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Volatility has predictably increased and the end result is a weaker USD and a bid in US treasuries and stronger equities. The last 12 hours or so were once again a full lesson in understanding positioning, as the events themselves (and the associated narrative) were relatively predictable, yet understanding that the market was significantly long USDs and short US treasuries would have served you well.
The FOMC minutes can be overlooked, and to be fair they have probably just caused confusion among the market, especially as they preceded the recent strong payrolls report and subsequent back-up in rates. However, if you were to put the meeting in isolation, you’d say the minutes were hawkish as roughly half of the board sits in the camp that believes purchases should stop by the end of the year.
The fact that the US ten-year bond pushed up to 2.68% despite a reasonable auction earlier in the day, gave the treasury bulls a chance to buy at more compelling levels and buy they did.
Price action in every asset class came alive on Ben Bernanke’s narrative; while his comments were clearly dovish, the key fact that he stipulated was that the Fed funds rate would not automatically rise when (and of course if) US joblessness hits 6.5%, and this has firmly dictated to the market that the 6.5% level is a threshold, not a trigger.
We have heard other Fed members bang a similar drum before, with Mr Kocherlakota recently saying the Fed could even move that threshold lower. Clearly his comments were aimed at the bond market, and while the benchmark ten-year bond closed at 2.62%, it gapped lower in Asia hitting 2.56%, taking the USD down with it. A simple look at the Fed funds future (expiring in December 2015) shows that the market had priced in the Fed hiking rates to 1.25% by the end of 2015, however with the sizeable moves that have occurred, that expectation now sits at 1%.
Of course the prospect of low rates for longer has helped emerging markets, which of course are highly sensitive to rising US yields, having seen strong outflows of late as investors chase higher return in the US. China is on a roll with the CSI up 4.5%, with the suite of Chinese indices at their day’s highs. Further rumours of a reserve ratio requirement (RRR) cut and other measures to keep growth above the key 7.5% level this year have made their way through to the market, and while we are pleased this index is gaining traction, we feel those buying on the prospect of an easing announcement from the PBOC could be disappointed.
Japan has been the underperformer, although S&P futures haven’t reacted and are still 1.0% higher from the cash close. USD/JPY has been heavily sold off with the low 0.9827, in-line with lower US yields. On the positive side, the weekly MOF fund flows showed solid buying of foreign bonds by local players, after eight weeks of net selling.
Clearly the higher yields on offer in the US and peripheral Europe have caught Japanese pension and life insurance funds’ attention. Later in the session the BoJ released its policy statement, keeping in-line with its usual path of announcing earlier in the day if no changes to policy are announced, with the bank unanimously continuing to target an annual increase in its monetary base of ¥60-70 trillion. Still, it always intrigues us why it chooses to announce when the equity market is closed for lunch.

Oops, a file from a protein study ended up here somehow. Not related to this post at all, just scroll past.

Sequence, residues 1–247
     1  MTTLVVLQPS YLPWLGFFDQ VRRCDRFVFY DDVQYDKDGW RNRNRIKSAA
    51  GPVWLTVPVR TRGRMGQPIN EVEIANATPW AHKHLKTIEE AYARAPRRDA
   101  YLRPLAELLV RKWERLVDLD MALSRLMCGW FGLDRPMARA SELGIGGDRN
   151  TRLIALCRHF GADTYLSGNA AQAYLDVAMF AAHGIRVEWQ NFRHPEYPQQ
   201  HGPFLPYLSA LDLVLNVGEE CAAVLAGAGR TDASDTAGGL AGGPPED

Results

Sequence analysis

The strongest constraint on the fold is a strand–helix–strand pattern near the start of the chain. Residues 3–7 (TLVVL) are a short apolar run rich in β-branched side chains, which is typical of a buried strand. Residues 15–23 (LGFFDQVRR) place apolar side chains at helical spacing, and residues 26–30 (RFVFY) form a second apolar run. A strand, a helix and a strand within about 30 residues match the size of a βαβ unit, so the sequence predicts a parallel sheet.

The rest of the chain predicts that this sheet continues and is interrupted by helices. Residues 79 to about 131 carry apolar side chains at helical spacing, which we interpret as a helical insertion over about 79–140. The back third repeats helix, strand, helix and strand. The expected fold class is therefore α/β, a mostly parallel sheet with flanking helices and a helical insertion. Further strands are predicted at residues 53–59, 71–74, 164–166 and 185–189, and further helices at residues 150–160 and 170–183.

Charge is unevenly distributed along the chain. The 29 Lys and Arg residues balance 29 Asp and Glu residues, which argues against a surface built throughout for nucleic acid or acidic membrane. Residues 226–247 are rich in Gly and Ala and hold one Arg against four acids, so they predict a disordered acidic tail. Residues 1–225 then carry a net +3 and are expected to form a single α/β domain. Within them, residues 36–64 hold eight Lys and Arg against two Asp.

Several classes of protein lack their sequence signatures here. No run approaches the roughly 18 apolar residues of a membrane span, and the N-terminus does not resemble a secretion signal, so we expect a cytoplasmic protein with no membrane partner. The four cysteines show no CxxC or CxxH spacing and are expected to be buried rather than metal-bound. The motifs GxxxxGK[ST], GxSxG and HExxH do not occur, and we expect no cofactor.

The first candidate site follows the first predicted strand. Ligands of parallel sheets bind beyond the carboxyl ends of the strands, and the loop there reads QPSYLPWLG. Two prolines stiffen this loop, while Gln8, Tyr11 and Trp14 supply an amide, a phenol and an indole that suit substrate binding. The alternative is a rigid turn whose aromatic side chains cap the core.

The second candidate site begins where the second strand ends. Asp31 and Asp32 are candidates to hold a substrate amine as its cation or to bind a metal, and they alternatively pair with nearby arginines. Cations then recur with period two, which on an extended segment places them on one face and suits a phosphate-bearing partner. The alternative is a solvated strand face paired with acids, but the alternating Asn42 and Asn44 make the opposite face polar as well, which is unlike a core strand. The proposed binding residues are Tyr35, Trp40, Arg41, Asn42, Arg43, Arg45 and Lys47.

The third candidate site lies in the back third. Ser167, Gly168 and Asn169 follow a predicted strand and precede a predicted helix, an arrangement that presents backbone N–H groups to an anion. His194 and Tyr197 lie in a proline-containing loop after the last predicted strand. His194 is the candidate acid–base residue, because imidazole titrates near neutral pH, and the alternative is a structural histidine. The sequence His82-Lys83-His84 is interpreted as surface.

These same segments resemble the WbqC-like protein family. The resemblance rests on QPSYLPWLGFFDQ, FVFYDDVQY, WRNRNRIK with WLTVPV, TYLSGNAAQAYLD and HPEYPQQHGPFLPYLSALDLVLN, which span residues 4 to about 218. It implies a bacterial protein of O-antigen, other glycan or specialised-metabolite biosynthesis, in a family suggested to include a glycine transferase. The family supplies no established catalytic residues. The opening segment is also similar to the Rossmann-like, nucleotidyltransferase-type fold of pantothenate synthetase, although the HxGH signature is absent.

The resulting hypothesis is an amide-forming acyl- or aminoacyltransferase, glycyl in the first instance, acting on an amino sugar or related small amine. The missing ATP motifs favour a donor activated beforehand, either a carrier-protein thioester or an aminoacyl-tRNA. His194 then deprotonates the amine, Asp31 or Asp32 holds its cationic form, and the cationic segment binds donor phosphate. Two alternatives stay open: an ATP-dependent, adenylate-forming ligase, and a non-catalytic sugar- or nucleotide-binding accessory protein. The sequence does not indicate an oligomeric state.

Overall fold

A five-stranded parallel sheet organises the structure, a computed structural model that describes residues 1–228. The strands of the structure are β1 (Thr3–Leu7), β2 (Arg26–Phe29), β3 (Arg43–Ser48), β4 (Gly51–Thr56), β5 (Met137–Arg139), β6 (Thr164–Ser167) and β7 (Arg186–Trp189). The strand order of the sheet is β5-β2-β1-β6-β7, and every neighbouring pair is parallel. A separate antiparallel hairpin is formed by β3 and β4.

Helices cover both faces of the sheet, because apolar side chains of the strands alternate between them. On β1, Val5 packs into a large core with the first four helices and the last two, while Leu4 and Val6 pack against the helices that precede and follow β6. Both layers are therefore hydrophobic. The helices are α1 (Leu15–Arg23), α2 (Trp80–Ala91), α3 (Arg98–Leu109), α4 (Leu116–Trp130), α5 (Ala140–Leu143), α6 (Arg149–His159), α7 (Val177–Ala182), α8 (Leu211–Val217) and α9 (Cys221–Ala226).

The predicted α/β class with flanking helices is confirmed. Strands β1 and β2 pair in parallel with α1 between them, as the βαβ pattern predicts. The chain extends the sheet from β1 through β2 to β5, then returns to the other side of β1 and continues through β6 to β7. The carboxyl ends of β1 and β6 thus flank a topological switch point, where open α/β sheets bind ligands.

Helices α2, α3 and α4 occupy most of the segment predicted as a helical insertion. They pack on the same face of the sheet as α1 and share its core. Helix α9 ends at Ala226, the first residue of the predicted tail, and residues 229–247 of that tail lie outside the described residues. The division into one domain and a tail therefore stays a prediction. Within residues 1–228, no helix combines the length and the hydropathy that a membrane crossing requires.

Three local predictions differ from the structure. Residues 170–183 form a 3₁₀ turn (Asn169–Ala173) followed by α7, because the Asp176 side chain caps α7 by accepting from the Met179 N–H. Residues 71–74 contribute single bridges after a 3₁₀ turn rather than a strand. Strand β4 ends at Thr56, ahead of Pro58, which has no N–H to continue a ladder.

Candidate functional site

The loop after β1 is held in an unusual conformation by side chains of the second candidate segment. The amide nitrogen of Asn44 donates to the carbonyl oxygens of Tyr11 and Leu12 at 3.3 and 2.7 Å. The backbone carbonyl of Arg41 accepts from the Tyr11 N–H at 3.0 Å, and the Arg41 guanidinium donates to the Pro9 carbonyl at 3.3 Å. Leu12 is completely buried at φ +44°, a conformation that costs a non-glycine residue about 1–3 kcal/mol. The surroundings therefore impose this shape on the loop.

There could still be further clues with the upcoming press conference from Mr Kuroda, while the BoJ has scheduled a meeting with key market players (17:00 AEST), which of course is part of their bid to improve communications; however these one-off meetings are usually called when they need to communicate something to the market, so there is a possibility of further news in the press conference, possibly even changes to its asset operations.
The ASX 200 has been a pillar of strength all day, taking its cues from China and the S&P futures. The index has now retraced over 50% of the 11.9% losses during May to June, and it seems we have a short-term uptrend in play. Traders are favouring materials and energy names, with the latter clearly helped by rising oil prices. We will trade with the trend where we can, and a move above 5000 should be seen in the short term. A rise of 10,000 jobs did little to alter the perception of an August rate cut, with the credit market unperturbed and continuing to price in a 60% chance of a cut, which we feel is about right. Of course, the fact that all the jobs created were made up of part-time jobs paints a picture of poor composition, thus should not alter anyone’s call on future rate moves.
European markets are shaping up to open between 1% and 2% higher. While the focus will be on readjusting portfolios post-Bernanke’s speech, it seems the market also has its eye on WTI which is on fire at the moment. Inventories have fallen a massive 5.1% over the last couple of weeks, although they remain above their historical average. With the price of the August contract approaching $107, it is just over 3.5 standard deviations away from its 50-day moving average - the most overbought since early 2012. As things stand, 71% of our client base (who hold open positions) are short and clearly see these levels as unsustainable.
Data is relatively light with the weekly jobless claims in the US the highlight and likely to show a modest drop to 340,000. Italy will tap the market in a series of short- and long-dated bonds, and one would think there will be pretty sizeable downside reaction (yields) in the European debt markets when they open, which will no doubt please both the ECB and BoE, who are providing forward guidance to try and distance their markets from that of the US. However, it will be day to hold growth stocks and expect the solid gains seen in Asia in the resource space to be replicated.